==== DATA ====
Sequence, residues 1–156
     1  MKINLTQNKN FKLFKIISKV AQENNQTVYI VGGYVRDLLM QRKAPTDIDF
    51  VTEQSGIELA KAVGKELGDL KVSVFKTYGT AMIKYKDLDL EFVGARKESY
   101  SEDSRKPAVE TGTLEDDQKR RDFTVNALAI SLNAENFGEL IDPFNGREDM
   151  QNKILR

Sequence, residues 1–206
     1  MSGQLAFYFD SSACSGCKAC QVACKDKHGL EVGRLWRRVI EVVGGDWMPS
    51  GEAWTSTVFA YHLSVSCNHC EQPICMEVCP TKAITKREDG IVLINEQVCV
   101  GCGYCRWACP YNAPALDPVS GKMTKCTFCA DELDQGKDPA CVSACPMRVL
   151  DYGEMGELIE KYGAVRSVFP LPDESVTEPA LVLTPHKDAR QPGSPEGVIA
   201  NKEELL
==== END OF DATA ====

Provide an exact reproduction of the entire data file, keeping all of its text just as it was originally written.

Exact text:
Sequence, residues 1–156
     1  MKINLTQNKN FKLFKIISKV AQENNQTVYI VGGYVRDLLM QRKAPTDIDF
    51  VTEQSGIELA KAVGKELGDL KVSVFKTYGT AMIKYKDLDL EFVGARKESY
   101  SEDSRKPAVE TGTLEDDQKR RDFTVNALAI SLNAENFGEL IDPFNGREDM
   151  QNKILR

Sequence, residues 1–206
     1  MSGQLAFYFD SSACSGCKAC QVACKDKHGL EVGRLWRRVI EVVGGDWMPS
    51  GEAWTSTVFA YHLSVSCNHC EQPICMEVCP TKAITKREDG IVLINEQVCV
   101  GCGYCRWACP YNAPALDPVS GKMTKCTFCA DELDQGKDPA CVSACPMRVL
   151  DYGEMGELIE KYGAVRSVFP LPDESVTEPA LVLTPHKDAR QPGSPEGVIA
   201  NKEELL